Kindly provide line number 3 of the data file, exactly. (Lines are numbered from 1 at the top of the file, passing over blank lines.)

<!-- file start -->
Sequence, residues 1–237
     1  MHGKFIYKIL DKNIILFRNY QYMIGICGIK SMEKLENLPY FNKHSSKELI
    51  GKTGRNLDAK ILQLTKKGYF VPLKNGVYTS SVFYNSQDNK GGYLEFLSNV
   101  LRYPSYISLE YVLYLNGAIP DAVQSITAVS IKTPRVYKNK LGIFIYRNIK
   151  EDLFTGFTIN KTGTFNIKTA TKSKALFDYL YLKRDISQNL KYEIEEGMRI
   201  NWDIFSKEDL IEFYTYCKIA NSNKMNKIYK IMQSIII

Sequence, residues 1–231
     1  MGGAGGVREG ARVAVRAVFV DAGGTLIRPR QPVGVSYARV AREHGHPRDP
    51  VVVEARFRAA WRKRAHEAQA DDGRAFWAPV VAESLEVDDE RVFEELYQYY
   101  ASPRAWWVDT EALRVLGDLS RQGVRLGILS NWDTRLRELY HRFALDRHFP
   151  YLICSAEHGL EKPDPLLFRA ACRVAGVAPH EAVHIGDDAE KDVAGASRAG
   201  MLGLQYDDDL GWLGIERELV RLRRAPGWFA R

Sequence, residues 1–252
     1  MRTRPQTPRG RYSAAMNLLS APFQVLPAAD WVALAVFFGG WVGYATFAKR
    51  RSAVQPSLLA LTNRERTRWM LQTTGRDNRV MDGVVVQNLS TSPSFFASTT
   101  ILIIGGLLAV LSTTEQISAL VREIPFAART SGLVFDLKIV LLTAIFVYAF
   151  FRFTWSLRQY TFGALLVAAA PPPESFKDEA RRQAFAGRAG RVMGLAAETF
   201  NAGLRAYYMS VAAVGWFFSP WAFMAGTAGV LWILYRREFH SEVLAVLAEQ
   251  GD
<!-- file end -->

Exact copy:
    51  GKTGRNLDAK ILQLTKKGYF VPLKNGVYTS SVFYNSQDNK GGYLEFLSNV